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Old 05/07/2010   #58

It was almost odd, after all the flashing lights and explosive heat she’d been exposed to lately. It was almost kind, after the dirty smiles and intentions of the scum in the sewer. It was almost comforting, after the horrors of the nightclub, what with its thumping music assaulting the ears and its pungent smoke assaulting the nose and its strobes and bodies and faces and mirrors and everything everything everything assaulting everything else.
Almost almost almost.

But not quite odd, because the girl was used to darkness and had learned to embrace it a long time ago; not quite kind, because there was an edge of something ominous to it, like the front of a storm cloud.
And definitely not comforting, for the woman who had put Idris Savage in this predicament was shady at best.Woman? Or child? Or thing? She—it?—had never given any sort of indication as to what her true form looked like, but good lord had she looked like a monster anyway. Idris would have shuddered if there had been enough of her to shudder – as it were, she was… floating, almost, upon something invisible and cold. She was barely able to register what cold felt like, so dulled were her nerves. But she remembered what it should feel like, and so with the confused signals her body managed to grab hold of, Idris gathered that this was cold… whatever this was.

But suddenly, it wasn’t cold anymore. No, the temperature was rising all of a sudden and Idris had a sickening jolt of a premonition that whatever was making the heat rise was bad bad bad. She tried to open her eyes, not knowing whether they were already open or not, but it was hard and her body was still sending jumbled signals to her – hot cold hot cold. What was where?
The heat of licking flames was above her.
The cool, familiar feel of solid metal was beneath her.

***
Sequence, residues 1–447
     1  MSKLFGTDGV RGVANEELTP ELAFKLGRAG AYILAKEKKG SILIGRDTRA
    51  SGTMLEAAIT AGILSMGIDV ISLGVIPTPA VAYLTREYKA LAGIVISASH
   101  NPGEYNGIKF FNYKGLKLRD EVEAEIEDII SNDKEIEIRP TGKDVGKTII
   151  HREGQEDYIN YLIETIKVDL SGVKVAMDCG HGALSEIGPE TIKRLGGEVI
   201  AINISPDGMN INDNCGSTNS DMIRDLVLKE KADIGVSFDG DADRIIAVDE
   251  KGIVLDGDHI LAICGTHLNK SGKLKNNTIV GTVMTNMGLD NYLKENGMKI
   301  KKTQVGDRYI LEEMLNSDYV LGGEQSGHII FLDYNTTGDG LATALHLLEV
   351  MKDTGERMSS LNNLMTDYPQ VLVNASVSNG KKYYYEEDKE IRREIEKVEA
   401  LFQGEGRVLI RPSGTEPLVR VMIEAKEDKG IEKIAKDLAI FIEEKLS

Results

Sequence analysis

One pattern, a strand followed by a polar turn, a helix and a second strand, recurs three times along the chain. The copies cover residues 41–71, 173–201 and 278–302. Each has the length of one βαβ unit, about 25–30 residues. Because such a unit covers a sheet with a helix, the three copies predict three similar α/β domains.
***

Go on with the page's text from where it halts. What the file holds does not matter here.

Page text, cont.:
The Destrillian opened her eyes and beheld something she never wanted to see again.
I recognize this place.
It took her by surprise that she did, for Idris had not seen her house since the day the fire had actually occurred. That day… today…? For some reason it felt like ‘that day’ was supposed to be ‘today,’ although a big part of her told her it wasn’t. It had happened years ago, she told herself, and yet suddenly the small woman wasn’t so sure. What was going on?

“Idris? Where are you?”
The voice, muffled and hoarse from smoke, called out in the hallways and Idris’ mind did something it had never done before. It shut out logic in favour of awful awful awful childish instinct. Here she was, eleven years old, and this was her home, and it was the middle of the night and she was tired and in bed—on the floor?—and there was a fire raging away and this was her home.

“Idris? Where are you?”
“I’m here,” she tried to call back, but instead she only breathed in a lungful of smoke. She coughed it out, feeling increasingly like there was something she should be doing, but she couldn’t figure out what. She just had to get out of there, and find her family. There was plenty of metal on the floor, that would make life easy to escape… wait, wasn’t her floor made of wood? And what did she even mean, metal made life easy?

“Idris? Where are you?”
And the third time’s the charm and Idris Savage called out like the scared little girl she thought she was, for her mother and father and big brother, but there was no reply. The smoke stung her eyes and her fright didn’t help and soon she was crying crying crying there on the floor. Some memory stirred in her brain that you were supposed to stay low while there was a fire, and Idris curled up on the floor.